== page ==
This continues our look at the great writing of Laurie Higgins.
The next paragraph follows from where we left off in part 1.
Some may find my comparison of homosexuality to polyamory offensive, but their experience of offense does not mean the analogy fails. Polyamory is a condition that is defined by emotional/romantic feelings, sexual attraction, and volitional sexual expression, and therefore is very much like homosexuality. The comparison to race is the offensive analogy in that race has nothing whatsoever to do with feelings or volitional acts.
Some would assert that I ought not ‘diminish a person’s choices of meaningful fulfillment in life and love based on race, sex or sexual orientation.’ But why are those the only conditions that should not be allowed to diminish a person’s life ‘choices of meaningful fulfillment.’ Why should society have the right to diminish the choices of someone who loves his sister or of polyamorists?
Regarding the subject of ‘bullying’ in the schools, I would argue that the blood of ‘tortured adolescents’ is on the hands of those who bully them or communicate the bleakly deterministic and utterly baseless message that they were ‘born that way.’
Their blood is on the hands of everyone who refuses to look at the dysfunctional family relationships, or peer rejection, or molestation that may contribute to sexual identity confusion.
Their blood is on the hands of everyone who tells them the lie that people like me hate them.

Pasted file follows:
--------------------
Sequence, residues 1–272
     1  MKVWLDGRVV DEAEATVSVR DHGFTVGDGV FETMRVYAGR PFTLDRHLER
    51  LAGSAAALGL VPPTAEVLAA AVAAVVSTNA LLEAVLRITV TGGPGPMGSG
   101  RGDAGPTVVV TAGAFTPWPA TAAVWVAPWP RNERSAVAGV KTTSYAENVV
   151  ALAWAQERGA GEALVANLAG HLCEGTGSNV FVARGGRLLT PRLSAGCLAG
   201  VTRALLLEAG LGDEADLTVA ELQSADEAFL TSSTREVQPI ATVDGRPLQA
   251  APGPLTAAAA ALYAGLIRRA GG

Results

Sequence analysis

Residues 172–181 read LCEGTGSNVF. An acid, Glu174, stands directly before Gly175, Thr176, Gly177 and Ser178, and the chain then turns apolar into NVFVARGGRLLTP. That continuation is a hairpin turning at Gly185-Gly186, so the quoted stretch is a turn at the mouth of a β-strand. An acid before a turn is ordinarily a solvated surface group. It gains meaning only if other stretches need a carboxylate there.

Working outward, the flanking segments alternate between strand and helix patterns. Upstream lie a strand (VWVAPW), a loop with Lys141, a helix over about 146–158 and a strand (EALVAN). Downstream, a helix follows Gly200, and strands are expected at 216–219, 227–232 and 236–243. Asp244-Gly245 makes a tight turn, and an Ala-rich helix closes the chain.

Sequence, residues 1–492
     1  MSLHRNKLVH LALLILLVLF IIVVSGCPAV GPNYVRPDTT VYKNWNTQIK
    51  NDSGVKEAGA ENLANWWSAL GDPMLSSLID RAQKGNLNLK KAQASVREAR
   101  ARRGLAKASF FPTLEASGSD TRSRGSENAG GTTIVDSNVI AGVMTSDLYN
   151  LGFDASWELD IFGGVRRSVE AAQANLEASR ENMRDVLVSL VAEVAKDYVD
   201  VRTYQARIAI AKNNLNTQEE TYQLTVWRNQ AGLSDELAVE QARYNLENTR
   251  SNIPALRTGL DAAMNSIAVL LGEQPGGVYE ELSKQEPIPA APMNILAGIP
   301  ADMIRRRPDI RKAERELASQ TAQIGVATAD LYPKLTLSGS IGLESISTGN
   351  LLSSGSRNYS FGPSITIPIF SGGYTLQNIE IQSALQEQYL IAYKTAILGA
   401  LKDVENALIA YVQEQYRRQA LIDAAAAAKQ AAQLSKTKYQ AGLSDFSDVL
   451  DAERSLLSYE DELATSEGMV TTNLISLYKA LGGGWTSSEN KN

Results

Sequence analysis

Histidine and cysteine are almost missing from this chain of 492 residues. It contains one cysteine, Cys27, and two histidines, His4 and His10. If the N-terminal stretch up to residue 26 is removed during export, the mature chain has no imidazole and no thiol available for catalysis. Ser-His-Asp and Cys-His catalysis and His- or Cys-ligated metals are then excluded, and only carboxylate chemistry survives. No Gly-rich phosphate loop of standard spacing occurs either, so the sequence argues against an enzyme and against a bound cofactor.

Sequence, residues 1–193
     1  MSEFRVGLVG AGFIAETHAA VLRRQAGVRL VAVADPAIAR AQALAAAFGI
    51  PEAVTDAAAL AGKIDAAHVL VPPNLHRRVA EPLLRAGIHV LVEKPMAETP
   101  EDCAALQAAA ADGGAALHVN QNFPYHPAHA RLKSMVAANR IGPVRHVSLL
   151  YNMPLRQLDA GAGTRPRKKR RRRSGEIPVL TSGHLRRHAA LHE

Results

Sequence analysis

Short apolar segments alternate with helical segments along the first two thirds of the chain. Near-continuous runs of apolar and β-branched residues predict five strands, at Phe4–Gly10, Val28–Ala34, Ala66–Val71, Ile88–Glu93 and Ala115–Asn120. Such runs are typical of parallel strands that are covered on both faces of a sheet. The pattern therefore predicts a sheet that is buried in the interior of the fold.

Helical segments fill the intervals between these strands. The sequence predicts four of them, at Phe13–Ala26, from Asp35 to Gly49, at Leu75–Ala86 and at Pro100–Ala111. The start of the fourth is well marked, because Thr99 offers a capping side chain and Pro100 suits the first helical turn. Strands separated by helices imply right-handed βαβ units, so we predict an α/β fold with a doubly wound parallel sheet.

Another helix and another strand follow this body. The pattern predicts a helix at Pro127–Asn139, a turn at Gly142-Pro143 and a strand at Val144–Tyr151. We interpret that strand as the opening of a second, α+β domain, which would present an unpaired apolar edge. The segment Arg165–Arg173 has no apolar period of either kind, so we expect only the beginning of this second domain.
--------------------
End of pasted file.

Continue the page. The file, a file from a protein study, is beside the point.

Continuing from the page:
Teens who self-identify as homosexual experience higher rates of suicidal ideation and suicide attempts. Without evidence homosexual activists and their ‘allies’ conclude that it’s cultural disapproval that causes these feelings, but perhaps their feelings are the result of God writing moral truths on human hearts. We feel shame and guilt when we experience sinful impulses and/or act on them.
I would argue that children are not depressed because of societal taboos–which have significantly eroded over the past 40 years–but rather they are unhappy because of a natural God-given response to sinful impulses.
They experience these impulses and then the world tells that they ‘are born that way.’ Of course, the world never tells than that there is not one iota of proof for the unproven assertion that they were born homosexual. We’re all born sinners who experience myriad unbidden, powerful, persistent sinful impulses. What homosexual activists are trying to do is scream louder than the still, small voice that tells people homosexual acts are not moral. With enough images and rhetoric, it’s not all that difficult to drown out the sounds of our own consciences.
What kids who experience same-sex attraction are entitled to hear is that their experience of unbidden, powerful, persistent impulses makes them exactly like every other human. These impulses, regardless of whether biological factors play a role, are a result of the fall.
In another statement, she wrote the following.
I believe that no one chooses their sexual attractions. But as moral beings we are all charged with the task of figuring out which of our unbidden impulses are morally legitimate to act upon. Many in our society are perpetuating the lie that homosexual impulses are morally legitimate to act upon. This lie leads to shocking disease statistics (Check out the most recent CDC stats on men who have sex with men).
My feelings about those who experience same-sex attraction are no different from my feelings about those who don’t share my moral beliefs. My beliefs do not diminish my recognition of their infinite worth or diminish the pleasure I take in their company. I don’t hate people whose beliefs and life choices differ from mine. To tell people, especially children, the lie that homosexual acts are moral acts is the epitome of foolishness and wickedness. The truth is that most people are perfectly capable of loving those whose beliefs or life choices differ from their own.
Click here to read: “Laurie Higgins explains the problem with the term “sexual orientation.”
Read more of Laurie Higgin’s writings at www.illinoisfamily.org.